UK researchers lead study identifying varied factors in buprenorphine users and urine drug testing
A study by a team of researchers across the country, including two from the University of Kentucky, is the first to demonstrate a connection between the characteristics of patients receiving buprenorphine for opioid use disorder and the use of urine drug testing.
Lindsey Hammerslag, Ph.D., an assistant research professor in the Division of Biomedical Informatics in the UK College of Medicine, and Jeffery Talbert, Ph.D., the director of the Institute for Biomedical Informatics and professor in the UK College of Pharmacy, led the group of researchers from eight other states on the study published in the journal Drug and Alcohol Dependence.
Buprenorphine is the first medication approved to treat opioid use disorder (OUD). It alleviates withdrawal symptoms, reduces cravings and pain, decreases infections and lowers the risk of mortality.
Treatment guidelines for people using buprenorphine recommend regular urine drug testing (UDT) to find out if patients are using opioids or adhering to the medication; however, federal law requires UDT for patients receiving methadone, a Schedule II control medication also used to treat OUD.
“Our study found that patients who had already undergone testing before starting treatment or who had a history of infectious disease were the most likely to be tested after initiating treatment,” said Hammerslag, lead author of the study.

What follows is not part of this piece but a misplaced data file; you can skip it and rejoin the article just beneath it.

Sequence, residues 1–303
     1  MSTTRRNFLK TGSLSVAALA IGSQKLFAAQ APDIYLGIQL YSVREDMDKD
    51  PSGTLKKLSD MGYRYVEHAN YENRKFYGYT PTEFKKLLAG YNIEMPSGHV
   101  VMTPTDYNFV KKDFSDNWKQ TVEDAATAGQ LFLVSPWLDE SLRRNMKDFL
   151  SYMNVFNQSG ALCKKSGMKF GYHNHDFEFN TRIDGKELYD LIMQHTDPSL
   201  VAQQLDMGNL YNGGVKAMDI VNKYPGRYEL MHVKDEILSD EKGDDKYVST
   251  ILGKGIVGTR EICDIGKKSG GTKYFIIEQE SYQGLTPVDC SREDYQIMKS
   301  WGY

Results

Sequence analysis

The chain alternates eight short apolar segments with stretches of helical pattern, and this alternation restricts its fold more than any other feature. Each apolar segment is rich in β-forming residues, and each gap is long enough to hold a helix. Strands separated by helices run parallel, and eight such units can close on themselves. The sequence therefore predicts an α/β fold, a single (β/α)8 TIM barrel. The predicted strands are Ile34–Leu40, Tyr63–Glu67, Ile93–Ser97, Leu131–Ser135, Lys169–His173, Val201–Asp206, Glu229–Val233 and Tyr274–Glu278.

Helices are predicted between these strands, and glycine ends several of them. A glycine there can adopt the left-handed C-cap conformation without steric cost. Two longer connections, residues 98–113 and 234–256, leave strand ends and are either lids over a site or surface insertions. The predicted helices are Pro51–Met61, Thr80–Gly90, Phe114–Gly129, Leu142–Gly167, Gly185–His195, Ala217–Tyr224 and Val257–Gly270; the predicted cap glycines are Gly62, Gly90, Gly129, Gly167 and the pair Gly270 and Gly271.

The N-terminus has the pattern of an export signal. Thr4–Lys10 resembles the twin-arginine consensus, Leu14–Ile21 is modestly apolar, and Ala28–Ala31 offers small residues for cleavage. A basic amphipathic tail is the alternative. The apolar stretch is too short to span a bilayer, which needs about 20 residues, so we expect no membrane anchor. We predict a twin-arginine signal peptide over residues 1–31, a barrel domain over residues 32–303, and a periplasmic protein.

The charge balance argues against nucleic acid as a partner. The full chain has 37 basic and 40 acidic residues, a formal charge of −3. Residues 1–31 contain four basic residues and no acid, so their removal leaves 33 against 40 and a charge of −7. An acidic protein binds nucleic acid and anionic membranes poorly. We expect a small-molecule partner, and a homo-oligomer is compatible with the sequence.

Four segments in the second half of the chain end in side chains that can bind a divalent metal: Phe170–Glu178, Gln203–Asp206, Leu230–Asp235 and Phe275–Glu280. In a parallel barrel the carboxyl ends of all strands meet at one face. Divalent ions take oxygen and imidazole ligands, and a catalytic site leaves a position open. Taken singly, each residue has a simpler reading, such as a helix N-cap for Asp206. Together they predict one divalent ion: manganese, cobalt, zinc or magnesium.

Researchers used the Medicaid Outcomes Distributed Research Network (MODRN) to analyze data on Medicaid beneficiaries starting buprenorphine treatment and undergoing UDT in nine states from 2016 to 2019: Delaware, Kentucky, Maine, Maryland, Michigan, North Carolina, Pennsylvania, Wisconsin and West Virginia.
The findings show more patients were tested over time, from 75% in 2016 to 83% in 2019, and that states varied both in testing rates and in the factors associated with testing.
“The treatment of OUD has changed in recent years, with the rise of telemedicine treatment, and the current study provides valuable insight into who was receiving UDT just prior to these changes,” said Hammerslag. “Understanding who receives testing can also inform the ongoing debate around whether the costs and risks associated with urine drug testing may outweigh the potential benefits.”
For this study, UK partnered with researchers at the University of Pittsburgh, the University of Southern Maine, Northwestern University, the University of North Carolina at Chapel Hill, the University of Utah, the Hilltop Institute and the University of Wisconsin.
IMAGE: PACKAGE OF EXTENDED-RELEASE BUPRENORPHINE, WHICH IS USED TO TREAT OPIOID USE DISORDER.
CREDIT: PETE COMPARONI | UNIVERSITY OF KENTUCKY PHOTO.